Burchard II, Duke of Swabia

Burchard II (883/884  29 April 926) was the Hunfriding Duke of Swabia (from 917) and Count of Raetia. He was the son of Burchard I of Swabia and Liutgard of Saxony.

Burchard II, Duke of Swabia
Born883 or 884
Died(926-04-29)29 April 926
Noble familyHunfridings
Spouse(s)Regelinda of Zürich
FatherBurchard I, Duke of Swabia
MotherLiutgard of Saxony

Burchard took part in the early wars over Swabia. His family being from Franconia, he founded the convent of St Margarethen in Waldkirch to extend his family's influence into the Rhineland.[1] On his father's arrest and execution for high treason in 911, he and his wife, Regelinda, daughter of Count Eberhard I of Zürich, went to Italy: either banished by Count Erchanger or voluntarily exiling themselves to their relatives over the Alps. Around 913, Burchard returned from exile and took control over his father's property. In 915, he joined Erchanger and Arnulf, Duke of Bavaria, in battle at Wahlwies.[2] Following the battle, Erchanger was proclaimed duke.[2]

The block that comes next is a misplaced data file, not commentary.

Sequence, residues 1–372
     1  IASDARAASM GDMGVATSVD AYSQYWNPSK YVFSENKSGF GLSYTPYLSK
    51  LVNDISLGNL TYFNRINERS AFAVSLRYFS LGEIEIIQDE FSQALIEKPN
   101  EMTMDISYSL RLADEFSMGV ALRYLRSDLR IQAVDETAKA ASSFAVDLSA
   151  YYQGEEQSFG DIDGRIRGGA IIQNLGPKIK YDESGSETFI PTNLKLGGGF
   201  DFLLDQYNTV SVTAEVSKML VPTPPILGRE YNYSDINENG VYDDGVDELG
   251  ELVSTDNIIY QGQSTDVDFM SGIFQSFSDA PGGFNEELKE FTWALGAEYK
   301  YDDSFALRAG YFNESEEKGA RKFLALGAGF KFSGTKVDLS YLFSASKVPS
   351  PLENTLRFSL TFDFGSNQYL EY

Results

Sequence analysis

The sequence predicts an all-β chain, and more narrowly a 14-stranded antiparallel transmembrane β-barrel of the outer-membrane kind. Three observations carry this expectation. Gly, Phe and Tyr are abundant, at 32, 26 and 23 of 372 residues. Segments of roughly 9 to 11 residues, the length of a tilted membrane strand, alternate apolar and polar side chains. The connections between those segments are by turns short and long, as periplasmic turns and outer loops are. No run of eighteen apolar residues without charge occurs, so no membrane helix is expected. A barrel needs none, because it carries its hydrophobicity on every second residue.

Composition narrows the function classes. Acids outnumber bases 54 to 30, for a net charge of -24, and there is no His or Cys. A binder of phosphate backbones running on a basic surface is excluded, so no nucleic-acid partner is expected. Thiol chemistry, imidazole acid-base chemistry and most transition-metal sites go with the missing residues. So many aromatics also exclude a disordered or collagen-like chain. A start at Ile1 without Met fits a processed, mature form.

After Erchanger was executed on 21 January 917,[3] Burchard seized all his lands and was recognised universally as duke. In 919, King Rudolph II of Upper Burgundy seized the county of Zürich and invaded the region of Konstanz, then the centre and practical capital of the Swabian duchy. At Winterthur, however, Rudolph was defeated by Burchard, who thus consolidated the duchy and forced on the king his own territorial claims. In that same year, he recognised the newly elected king of Germany, Henry the Fowler, duke of Saxony. Henry in turn gave Burchard rights of taxation and investiture of bishops and abbots in his duchy.

In 922, Burchard married his daughter Bertha to Rudolph and affirmed the peace of three years prior. Burchard then accompanied Rudolph into Italy when he was elected king by opponents of the Emperor Berengar. In 924, the emperor died and Hugh of Arles was elected by his partisans to oppose Rudolph. Burchard attacked Novara, defended by the troops of Lambert, Archbishop of Milan. There he was killed, probably on 29 April. His widow, Regelinda (d. 958), remarried to Burchard's successor, Herman I. She had given him five children: